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Lessons After Lockdowns

So, it has been about one year since the lockdowns began and what a year it has been. I have done a lot of reflecting the last few weeks and looking back there have been a few lessons learned through my experiences.

Lesson 1: How was your financial health during 2020? Are you better prepared now?

I guess the best place to start is regarding financial health, I am a financial planner after all! As the world began to shut down, like many people, I naturally had fears about how this will impact my clients and how I will be able to conduct business. How quickly we all adapted and virtual meetings became the norm almost immediately. I was very fortunate that my fears subsided as my clients were for the most part doing ok and I was able to continue growing my business. Sadly, this is not the case for millions of Americans, especially those that work in the restaurant, hospitality, travel or transportation industries. Even worse, those in these severely impacted sectors that never set up an emergency fund for themselves in case there was an emergency or unforeseen event like this.

It does not matter where you are financially in life, everyone needs an emergency savings account as a bare minimum for basic financial health to be prepared for the certainty of uncertainty. Once your emergency savings is at an appropriate level (6-12+ months’ worth of living expenses depending on job and income stability), you can begin investing to grow your assets over time. Depending on your situation, the earlier you can begin investing in a retirement account and/or personal investment account the better off you will likely be financially later in life. Your financial health is important, this is not something you want to procrastinate.

Lesson 2: How did you react to markets and events in 2020?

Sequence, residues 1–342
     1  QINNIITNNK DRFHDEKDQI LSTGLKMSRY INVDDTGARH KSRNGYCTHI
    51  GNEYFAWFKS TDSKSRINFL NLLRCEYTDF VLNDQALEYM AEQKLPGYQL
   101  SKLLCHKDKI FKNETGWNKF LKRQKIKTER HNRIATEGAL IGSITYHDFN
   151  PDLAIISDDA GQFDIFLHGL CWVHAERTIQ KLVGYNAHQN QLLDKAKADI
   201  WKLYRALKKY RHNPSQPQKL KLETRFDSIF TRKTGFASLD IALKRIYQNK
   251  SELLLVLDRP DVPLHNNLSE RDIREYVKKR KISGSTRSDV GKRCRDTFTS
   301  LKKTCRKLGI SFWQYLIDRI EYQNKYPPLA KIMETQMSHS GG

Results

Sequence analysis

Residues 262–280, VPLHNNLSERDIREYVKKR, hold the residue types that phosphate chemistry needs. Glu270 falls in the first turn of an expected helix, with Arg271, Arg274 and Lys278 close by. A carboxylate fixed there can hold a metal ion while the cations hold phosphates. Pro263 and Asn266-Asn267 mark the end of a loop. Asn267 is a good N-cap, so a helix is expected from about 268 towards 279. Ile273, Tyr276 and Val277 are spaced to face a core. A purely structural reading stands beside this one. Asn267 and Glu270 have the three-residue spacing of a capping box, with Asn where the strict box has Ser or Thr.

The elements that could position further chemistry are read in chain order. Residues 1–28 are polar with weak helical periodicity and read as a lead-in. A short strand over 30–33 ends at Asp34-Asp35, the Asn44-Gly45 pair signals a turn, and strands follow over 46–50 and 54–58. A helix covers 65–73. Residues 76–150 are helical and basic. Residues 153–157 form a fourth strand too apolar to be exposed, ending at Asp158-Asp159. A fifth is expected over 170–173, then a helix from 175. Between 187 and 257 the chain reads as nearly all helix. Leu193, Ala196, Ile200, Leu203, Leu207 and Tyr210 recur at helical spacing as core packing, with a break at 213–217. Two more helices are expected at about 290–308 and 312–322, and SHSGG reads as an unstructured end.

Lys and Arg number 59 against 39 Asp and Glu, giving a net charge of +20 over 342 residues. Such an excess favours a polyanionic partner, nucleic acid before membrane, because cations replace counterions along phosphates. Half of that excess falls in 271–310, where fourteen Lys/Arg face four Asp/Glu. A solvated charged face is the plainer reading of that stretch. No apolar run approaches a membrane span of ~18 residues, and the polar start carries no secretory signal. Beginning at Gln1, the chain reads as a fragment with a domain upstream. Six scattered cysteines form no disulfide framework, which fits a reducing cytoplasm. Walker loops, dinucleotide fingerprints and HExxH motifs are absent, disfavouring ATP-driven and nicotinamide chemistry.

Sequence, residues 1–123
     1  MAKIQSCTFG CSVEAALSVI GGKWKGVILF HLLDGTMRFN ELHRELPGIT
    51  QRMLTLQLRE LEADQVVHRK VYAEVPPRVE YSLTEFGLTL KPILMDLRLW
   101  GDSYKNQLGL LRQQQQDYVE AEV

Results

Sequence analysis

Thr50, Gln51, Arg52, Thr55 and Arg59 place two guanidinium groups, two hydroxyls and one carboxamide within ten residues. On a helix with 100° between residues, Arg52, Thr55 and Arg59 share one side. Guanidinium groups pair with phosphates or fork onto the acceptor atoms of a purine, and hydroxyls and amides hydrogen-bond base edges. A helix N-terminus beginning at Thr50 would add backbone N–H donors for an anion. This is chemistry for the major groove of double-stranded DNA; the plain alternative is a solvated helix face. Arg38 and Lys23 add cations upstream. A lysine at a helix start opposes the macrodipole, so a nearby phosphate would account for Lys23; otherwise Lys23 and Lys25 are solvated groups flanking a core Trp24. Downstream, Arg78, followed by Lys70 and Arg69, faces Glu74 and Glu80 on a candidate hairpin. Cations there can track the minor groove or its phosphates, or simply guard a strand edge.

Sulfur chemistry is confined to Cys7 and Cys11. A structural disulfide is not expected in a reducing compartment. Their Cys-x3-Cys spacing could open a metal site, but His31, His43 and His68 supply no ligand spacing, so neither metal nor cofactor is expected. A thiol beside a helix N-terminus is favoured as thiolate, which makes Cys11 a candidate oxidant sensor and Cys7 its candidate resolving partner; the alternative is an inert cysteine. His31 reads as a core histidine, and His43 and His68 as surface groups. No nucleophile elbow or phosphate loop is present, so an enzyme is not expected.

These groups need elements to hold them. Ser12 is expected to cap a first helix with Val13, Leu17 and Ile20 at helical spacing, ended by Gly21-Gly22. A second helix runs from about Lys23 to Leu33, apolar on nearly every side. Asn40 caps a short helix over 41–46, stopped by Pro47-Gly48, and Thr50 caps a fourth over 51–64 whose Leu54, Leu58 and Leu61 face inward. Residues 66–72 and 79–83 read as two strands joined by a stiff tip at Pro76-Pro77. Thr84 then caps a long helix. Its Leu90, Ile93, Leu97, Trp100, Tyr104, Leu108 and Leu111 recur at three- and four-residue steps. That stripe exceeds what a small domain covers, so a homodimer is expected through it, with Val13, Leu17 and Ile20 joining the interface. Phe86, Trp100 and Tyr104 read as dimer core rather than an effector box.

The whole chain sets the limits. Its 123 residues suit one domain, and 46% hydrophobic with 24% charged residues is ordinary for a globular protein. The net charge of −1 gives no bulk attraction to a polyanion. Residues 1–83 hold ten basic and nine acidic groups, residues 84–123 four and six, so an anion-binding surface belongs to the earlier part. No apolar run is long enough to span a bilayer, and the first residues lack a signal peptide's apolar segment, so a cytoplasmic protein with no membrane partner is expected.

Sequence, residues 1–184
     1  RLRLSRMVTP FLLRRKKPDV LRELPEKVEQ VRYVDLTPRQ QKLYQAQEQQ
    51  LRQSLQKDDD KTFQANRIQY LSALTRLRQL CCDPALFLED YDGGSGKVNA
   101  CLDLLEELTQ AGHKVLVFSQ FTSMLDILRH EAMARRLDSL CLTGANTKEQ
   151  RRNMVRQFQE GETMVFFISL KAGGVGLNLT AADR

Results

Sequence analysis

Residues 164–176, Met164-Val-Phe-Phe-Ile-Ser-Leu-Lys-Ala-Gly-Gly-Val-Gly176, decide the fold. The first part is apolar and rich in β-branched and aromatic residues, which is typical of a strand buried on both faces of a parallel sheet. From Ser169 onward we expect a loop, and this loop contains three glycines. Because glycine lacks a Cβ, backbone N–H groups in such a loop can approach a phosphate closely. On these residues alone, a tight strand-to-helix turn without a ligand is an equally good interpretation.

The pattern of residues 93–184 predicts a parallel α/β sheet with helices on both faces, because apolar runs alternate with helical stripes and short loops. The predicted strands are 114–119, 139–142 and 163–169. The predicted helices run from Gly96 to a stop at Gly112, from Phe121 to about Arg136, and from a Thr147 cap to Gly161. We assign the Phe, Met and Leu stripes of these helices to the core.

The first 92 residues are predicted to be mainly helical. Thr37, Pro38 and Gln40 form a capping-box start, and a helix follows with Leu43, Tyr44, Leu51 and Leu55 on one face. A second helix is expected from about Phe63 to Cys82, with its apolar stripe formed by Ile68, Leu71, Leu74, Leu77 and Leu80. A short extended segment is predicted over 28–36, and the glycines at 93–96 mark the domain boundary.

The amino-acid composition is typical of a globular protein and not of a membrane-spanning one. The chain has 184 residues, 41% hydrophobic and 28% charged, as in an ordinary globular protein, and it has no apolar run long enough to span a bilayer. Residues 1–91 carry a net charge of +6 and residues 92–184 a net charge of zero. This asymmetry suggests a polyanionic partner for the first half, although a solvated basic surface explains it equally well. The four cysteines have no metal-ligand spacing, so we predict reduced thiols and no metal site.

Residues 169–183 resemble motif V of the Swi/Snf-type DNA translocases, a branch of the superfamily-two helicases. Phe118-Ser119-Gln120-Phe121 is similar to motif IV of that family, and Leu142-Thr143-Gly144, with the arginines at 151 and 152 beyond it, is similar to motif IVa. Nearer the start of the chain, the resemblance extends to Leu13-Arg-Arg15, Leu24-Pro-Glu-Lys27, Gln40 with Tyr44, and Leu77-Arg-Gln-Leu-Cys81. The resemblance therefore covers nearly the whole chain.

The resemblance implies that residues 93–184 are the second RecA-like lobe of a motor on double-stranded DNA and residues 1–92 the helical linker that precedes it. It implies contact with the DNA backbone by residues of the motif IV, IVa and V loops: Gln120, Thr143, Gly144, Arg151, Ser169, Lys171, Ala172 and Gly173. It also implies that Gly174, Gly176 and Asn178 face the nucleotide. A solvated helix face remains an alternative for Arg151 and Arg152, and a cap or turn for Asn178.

Another lesson is the reactionary behavior that some people take when they see the markets selloff, especially as quickly and dramatically as they did in the first half of 2020. While my sounding board is always the same during selloffs, “unless you have a known expense or believe you will need some of your invested assets within the next 12-24 months, the best course is almost always to stay invested”. Don’t get me wrong, trying to “stop the bleeding” is a perfectly natural and normal emotion to feel when you see the news show the selloff, and/or the alerts on your devices notifying you of the selloff, or looking at your accounts online and seeing the value go down day after day. However, numerous studies show this is the worst action an investor can take and will often lead to lower performance over the long term.

This advice and guidance is where I believe an advisor truly adds the most value, preventing these emotional investing mistakes. Remembering why you are invested, the strategy that has been put in place for your unique goals, and that you are invested for the long term significantly helps reinforce that selloffs are a normal part of the investment process. Studies indicate that how much people save and the financial decisions they make have the biggest impact on their financial health, even more so than their investment selections.